Migraines are notoriously hard to treat, perhaps because their causes aren’t fully understood. Over-the-counter medications don’t always work, leaving many people with severe migraines no option but to retire to a dark, quiet room until the pain subsides.
Yarnell reviewed available research on the herbs, roots, and spices he has used in his 21 years of experience as a clinician, drawing on wide knowledge of what people in his field are studying for migraine treatment. He catalogued a number of herbal remedies, including ginger, cayenne, Spanish lavender, butterbur root, turmeric and fish oil, citron, feverfew, white willow, ginkgo, bushy matgrass, select Chinese herbal formulas, and, of course, cannabis, a treatment previous research has suggested could be a superior option for heading off and halting migraines. (Find more inner calm and build strength in just minutes a day with WH’s With Yoga DVD!)
Determining the best herbal agent for you is an entirely subjective process that requires pinpointing migraine triggers beforehand, Yarnell told Women’s Health. Migraines might be caused by food, allergens, stress, sleep cycles—the possibilities are many, and distinct for every person. To find a natural fix, it’s best to consult a professional.
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“For the most part, migraine should not be treated with home remedies,” Yarnell says. “Given the severity of migraines, and the very large number of treatments available, consulting a practitioner knowledgeable in herbal medicine is really important. I don’t say that about everything, but this is an example. And also because again, migraine is not one disease or at least it presents in many different ways, and it really takes a trained practitioner to help sort through which type is happening and to pair the right herbs with that type.”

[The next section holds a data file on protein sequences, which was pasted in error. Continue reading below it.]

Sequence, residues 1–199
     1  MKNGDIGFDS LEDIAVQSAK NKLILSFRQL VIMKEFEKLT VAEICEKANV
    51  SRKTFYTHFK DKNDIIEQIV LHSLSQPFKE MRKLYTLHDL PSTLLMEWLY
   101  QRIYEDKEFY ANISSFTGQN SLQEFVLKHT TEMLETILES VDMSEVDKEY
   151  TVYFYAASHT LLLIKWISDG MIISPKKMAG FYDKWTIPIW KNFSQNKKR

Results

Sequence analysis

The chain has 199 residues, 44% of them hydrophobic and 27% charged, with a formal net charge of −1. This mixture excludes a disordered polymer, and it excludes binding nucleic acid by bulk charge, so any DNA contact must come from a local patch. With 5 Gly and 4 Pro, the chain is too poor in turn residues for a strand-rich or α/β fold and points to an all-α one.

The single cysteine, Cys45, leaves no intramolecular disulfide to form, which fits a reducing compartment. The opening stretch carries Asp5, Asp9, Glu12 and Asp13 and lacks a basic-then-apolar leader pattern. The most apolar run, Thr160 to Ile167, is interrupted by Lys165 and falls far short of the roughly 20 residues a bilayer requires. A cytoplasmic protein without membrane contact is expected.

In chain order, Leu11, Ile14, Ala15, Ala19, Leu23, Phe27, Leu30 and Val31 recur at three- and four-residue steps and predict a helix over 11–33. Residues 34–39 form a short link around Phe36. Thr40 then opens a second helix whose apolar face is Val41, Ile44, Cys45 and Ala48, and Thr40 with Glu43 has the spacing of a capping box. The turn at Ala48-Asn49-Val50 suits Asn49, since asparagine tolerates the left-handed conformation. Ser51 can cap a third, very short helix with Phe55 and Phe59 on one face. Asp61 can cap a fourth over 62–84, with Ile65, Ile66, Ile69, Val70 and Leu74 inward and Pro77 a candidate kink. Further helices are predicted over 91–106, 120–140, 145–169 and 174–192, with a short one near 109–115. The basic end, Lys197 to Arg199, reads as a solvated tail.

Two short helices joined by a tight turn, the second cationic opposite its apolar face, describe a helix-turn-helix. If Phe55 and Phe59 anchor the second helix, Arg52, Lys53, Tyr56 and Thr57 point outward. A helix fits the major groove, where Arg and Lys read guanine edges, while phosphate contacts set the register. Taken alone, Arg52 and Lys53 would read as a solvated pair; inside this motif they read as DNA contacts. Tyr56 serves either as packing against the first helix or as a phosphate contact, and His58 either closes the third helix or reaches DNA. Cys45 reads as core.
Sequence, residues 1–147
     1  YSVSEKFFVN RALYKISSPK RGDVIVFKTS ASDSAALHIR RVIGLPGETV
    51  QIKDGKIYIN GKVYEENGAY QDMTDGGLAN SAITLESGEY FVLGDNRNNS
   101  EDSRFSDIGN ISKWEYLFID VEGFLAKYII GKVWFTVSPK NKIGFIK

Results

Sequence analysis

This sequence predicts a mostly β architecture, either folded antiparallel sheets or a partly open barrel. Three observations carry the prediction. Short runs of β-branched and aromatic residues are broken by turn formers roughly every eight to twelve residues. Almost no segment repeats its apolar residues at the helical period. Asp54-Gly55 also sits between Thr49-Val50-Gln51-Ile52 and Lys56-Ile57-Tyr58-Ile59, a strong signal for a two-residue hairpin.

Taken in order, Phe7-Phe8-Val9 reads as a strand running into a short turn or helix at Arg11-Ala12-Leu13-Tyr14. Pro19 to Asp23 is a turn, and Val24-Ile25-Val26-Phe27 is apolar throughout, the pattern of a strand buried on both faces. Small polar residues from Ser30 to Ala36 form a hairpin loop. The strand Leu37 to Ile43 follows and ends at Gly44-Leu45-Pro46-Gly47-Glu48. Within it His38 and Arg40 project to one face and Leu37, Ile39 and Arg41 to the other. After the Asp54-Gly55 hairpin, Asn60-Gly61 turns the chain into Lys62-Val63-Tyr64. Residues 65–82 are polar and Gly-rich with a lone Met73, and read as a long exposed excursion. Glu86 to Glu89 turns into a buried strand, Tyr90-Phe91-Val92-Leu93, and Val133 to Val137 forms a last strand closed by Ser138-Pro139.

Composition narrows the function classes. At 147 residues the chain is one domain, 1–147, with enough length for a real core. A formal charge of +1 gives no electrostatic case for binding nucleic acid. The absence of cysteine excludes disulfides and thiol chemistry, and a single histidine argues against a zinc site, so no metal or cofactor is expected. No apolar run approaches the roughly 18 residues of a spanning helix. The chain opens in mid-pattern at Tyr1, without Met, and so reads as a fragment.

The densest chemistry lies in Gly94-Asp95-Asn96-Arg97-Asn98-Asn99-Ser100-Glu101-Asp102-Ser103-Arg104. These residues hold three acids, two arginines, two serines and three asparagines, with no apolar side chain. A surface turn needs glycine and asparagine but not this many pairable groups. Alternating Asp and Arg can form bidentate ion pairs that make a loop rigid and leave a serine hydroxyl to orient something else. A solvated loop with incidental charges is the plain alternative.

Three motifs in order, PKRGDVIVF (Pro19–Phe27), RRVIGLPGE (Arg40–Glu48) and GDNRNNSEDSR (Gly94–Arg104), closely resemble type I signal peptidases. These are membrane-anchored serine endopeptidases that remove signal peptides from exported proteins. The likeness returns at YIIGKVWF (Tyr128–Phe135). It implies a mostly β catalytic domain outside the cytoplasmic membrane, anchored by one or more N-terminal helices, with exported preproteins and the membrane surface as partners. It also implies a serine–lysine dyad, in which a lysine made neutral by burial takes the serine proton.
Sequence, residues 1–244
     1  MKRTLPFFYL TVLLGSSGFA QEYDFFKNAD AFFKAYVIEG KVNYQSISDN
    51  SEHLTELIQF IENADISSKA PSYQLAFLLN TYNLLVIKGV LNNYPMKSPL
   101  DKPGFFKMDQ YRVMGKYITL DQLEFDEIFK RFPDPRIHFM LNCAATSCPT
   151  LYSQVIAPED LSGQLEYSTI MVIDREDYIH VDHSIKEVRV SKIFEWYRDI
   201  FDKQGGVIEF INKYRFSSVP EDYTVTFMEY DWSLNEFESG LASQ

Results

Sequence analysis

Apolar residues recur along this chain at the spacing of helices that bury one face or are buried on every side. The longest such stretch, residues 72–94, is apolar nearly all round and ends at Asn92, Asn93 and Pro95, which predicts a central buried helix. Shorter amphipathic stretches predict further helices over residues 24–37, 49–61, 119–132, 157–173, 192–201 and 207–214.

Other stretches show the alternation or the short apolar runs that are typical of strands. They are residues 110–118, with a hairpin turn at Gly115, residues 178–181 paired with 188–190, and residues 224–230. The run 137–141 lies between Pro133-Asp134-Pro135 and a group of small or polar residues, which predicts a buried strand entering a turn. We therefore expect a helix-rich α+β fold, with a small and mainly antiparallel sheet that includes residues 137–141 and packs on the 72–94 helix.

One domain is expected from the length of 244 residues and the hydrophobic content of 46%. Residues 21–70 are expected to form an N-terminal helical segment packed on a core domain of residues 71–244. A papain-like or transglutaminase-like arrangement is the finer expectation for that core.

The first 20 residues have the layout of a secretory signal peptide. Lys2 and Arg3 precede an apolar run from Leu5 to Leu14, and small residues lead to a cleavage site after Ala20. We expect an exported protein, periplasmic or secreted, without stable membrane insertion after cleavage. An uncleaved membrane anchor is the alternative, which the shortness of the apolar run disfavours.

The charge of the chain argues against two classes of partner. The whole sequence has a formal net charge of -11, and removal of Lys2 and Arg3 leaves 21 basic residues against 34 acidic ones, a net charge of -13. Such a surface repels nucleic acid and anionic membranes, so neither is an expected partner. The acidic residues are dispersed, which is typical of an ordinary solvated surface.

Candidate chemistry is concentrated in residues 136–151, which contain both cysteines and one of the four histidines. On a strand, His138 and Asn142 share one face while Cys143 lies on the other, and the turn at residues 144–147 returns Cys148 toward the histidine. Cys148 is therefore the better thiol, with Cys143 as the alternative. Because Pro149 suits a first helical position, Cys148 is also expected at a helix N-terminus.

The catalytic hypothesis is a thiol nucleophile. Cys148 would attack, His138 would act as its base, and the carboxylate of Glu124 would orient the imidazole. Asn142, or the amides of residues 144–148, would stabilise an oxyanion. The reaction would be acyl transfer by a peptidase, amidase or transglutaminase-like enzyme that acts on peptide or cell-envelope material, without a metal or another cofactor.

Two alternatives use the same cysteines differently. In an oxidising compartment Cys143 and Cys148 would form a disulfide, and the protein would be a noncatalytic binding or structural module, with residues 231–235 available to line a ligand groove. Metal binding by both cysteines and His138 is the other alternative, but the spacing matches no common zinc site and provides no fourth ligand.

As to the most effective herb to combat migraines, Yarnell advised: “There is no one most effective answer; it really does depend on the individual.” For a person who gets migraines at menstruation, Yarnell suggests cannabis in conjunction with Cimicifuga racemosa, or black cohosh. Someone whose migraines stem from food allergies might benefit from herbs targeting inflammation: zingiber (or ginger) for acute migraines and curcuma (turmeric) or petasites (butterbur) for migraines prevention. Yarnell explained that herbs can certainly be used in combination for greater effect, but urged that readers seek help from a legitimate herbal medicine practitioner—”not just someone who took a weekend seminar in herbs”—to determine the best formula.
And for people with severe migraines, the solution might not lie in plants alone: In his paper, Yarnell writes that people with particularly bad migraines might fare best when they use natural remedies together with pharmaceuticals.
With migraines as with any health concern, though, it’s always advisable to consult with a doctor when it comes to treatment options.